Saturday, December 2, 2023


If you rail, this is how not to rail, putting the altar behind bars and makes the railing equal in value to the altar and ambo:

If you rail, this is how you rail, making sure the rail is secondary and/or invisible from the nave in a full church:

I think some liturgists got it right when they insisted that the sanctuary not seem to be fenced off from the nave of the church by an altar railing. I did not agree and still do not agree that altar railings should have been removed altogether. I don’t agree that standing to receive Holy Communion has been a good thing for Eucharistic belief and piety, in fact it has been a clear disaster as has been Holy Communion received casually on the hand and in a variety of silly ways. 

But back to railings. This is the altar railing at Saint Joseph Church in Macon, Georgia prior to Vatican II:

The high altar is, of course, the altar; there is no altar in front of it. The altar railing placed on the top step of the sanctuary in no way hides the high altar or the ambo/pulpit.  The altar is completely seen even in the last row of pews in a crowded church, even with people standing in front of it as in the photo above!

But look at this post-Vatican II photo with a new, but horrible, free standing altar placed in front of the intended altar but  on the lower floor of the sanctuary and taking up all the room:

Of course the chairs hide the old high altar no longer used nor the tabernacle, as that was shunted to the right side altar, not in view in this photo. But look at the altar railing, still in its original place, it hides the new free standing altar or is in competition with the new free-standing altar. That is not the case, even in this photo, with the high altar which, if the chairs weren’t there, would be completely visible and the railing isn’t competing with it in importance. The altar is the most important liturgical furnishing in any church!

In 2004, when I became pastor at St. Joseph, we went through a major renovation/restoration and expansion of the sanctuary into the nave. I convinced the committee to remove the altar railing and I asked that the new altar we had designed be placed higher up so as to be in a prominent position as is the high altar and that the new altar, at least look like the main altar, since we could not or would not remove the high altar which was beloved and a beautiful backdrop.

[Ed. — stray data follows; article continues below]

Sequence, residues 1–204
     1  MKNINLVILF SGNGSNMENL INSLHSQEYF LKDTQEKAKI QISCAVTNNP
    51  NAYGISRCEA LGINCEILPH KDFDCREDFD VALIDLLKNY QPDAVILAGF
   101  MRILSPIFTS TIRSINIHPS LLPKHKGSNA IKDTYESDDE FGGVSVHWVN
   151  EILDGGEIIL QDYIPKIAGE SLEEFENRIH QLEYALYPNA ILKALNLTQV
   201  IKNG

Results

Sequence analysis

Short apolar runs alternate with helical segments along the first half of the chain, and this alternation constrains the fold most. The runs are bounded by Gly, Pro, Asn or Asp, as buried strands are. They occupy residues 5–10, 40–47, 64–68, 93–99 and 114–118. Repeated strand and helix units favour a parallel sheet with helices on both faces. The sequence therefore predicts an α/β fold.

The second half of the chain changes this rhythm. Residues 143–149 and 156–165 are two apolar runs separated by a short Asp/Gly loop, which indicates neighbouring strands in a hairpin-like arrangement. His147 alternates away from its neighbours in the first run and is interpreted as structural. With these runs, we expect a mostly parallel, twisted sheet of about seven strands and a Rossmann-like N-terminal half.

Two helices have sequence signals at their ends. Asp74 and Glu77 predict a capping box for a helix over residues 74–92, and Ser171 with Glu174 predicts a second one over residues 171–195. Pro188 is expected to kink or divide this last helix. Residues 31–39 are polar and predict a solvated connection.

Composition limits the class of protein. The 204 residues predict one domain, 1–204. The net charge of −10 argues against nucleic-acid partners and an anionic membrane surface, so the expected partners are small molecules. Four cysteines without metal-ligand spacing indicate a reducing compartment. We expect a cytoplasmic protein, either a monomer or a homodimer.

When the church was dedicated in 2006, it no longer had an altar railing as these photos show:

Then, I, who removed the altar railing by 2006, decided in 2014 that I would rail again and do it right. This is how we did it. We extended the first step leading the the sanctuary into the nave so that the railing could be placed in a way that there was room for people to kneeling in front of it, but from the nave level, without going up any stairs, and there was enough room for the priest to distribute Holy Communion behind the railing, spacious room:

Then the old railing, which we stored under another parish building, was recovered, additional sections fabricated and then installed. Only one gate survived the immediate post-Vatican II adjustments, thus three new sections were fabricated looking identical to the one which survived:

And then, communicants could kneel at the altar railing, railed right, to reverently receive Holy Communion and live happily ever after and forever in heaven. 

1 comment:

Sophia said...

Sophia here: To which I respond with a very emphatic Amen and a Glory be to Jesus, the High Priest and Victim at every Mass! Thanks so much for the lovely photos of this incredibly beautiful Church and the accompanying mini tutorial on altar rails!